Seeing my name on that cover has to rank right up there. Signing my first copy is a close second. Those are moments that take your breath away. Now, one day, when I get to meet Angelina Jolie on the set of the movie adaptation, then we might have a new number one moment.
Who is your author idol?
I admire Stephen King. His books force you to engage and become immersed in the story. They are seldom weekend reads. They require time and dedication, but if you’re willing to give him that, you’re rewarded with something few authors can offer. Tolkien and Lewis offer the same thing, but I prefer modern settings and modern stories.
Do you see yourself in any of your characters?
I wrote Samantha about myself at one point in my life. She’s fun-loving and outgoing, but also suffers from self-esteem and self-doubt issues. She lives in the real world, but sometimes, that world is frightening and she doesn’t feel that she belongs.
Do you feel like your dream has come true or is there much more to do?
In some ways, just getting the first book out there is my dream realized, however, there’s so much more to tell. I have to stay focused and keep at it to complete the tale. Beyond Valerie, there are a few ideas that will take me into genres that are out of my comfort zone, but by then I’ll be ready for the next phase.
What does your workspace look like?
A mess, just as you’d imagine. There is a simple desk, desk top computer, paperwork everywhere, vampire books and atlases on the floor. You will also find a large pile of albums and CD’s out of their cases, in an attempt to set the right mood. A coffee cup and empty water bottles line a bookshelf. Yep, organized chaos is my middle name.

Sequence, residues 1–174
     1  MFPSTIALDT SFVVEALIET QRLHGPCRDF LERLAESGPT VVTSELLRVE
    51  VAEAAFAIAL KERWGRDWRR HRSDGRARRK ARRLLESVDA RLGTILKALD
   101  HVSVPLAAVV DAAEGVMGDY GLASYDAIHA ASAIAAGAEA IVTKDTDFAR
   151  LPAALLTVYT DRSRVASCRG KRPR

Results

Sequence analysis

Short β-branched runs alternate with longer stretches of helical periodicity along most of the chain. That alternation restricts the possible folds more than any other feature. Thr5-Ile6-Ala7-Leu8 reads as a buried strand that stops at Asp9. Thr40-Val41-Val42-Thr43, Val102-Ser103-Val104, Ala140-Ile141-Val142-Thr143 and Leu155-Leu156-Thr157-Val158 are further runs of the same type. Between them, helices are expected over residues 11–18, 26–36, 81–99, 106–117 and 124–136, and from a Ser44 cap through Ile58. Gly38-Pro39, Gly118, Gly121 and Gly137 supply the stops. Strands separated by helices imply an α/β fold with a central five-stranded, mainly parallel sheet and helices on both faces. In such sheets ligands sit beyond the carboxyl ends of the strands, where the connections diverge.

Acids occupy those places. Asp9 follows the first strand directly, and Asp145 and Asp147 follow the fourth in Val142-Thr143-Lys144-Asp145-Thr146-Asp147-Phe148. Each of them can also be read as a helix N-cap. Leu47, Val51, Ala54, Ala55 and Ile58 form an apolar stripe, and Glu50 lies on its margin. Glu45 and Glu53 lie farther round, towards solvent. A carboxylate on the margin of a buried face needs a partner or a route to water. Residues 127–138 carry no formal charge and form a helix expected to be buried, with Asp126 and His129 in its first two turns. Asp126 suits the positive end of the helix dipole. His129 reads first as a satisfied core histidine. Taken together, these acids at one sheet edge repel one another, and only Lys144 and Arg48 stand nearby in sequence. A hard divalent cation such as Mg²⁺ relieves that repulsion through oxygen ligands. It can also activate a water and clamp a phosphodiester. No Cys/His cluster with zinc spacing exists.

Have you ever had a day when you just wanted to quit?
Sure. Marketing has been harder than I expected. When Valerie was released, I expected the New York Times to call me and tell me it hit number 1, a major publisher would be calling to offer me a contract, and I could make a living doing what I love. None of that happened, and reality set in. I sold 2 copies that first day…that was a low point and I wondered if it was all worth it. The next day I got a call from someone wanting me to sign their books. They had ordered 5 of them to give as gifts. It’s been a whirlwind since.
What do you do when you’re not writing?
I think about writing. I try to keep my writing to a healthy obsession. I listen to music, hang out with my wife and son, get out and go to the movies. I also follow sports, all of them, religiously.
What are the most important attributes to remaining sane as a writer?
It takes a lot of patience and a supportive family. Everyone can write, that’s easy, its knowing that it may take a while for what you’ve written to get out there and having that support from your loved ones, to keep you grounded, that makes it all worth it.
Did you have a moment when you realized you were meant to be a writer?
My wife found the original manuscript for Valerie. It was packed away in some boxes of stuff from high school. She read it and approached me to finish it and seek out a publisher. It was when I looked into her eyes that I saw her belief in me and right then I knew; I was going to be a writer.
What advice would you give to aspiring authors?
Be patient. This game isn’t for the weak-stomach. There’s a lot of doubt and loneliness, but if you believe you have something to say…shout it from the rooftops until someone hears you. Don’t give up on your dream.
After this book, what is next?
There are 2 more books in the Valerie series. Book 2, nearly completed, is due in October of 2013, and the final book, in the outline stage, scheduled for late 2014.
If anyone wants to know more about me or my writing, they can go to
My blog is available through my website.
Your followers can Like my Author page on Facebook, go to
Where can your book be found?
The author page on my Publisher’s website is:
Valerie is also available in print and for the Kindle device from Amazon.com: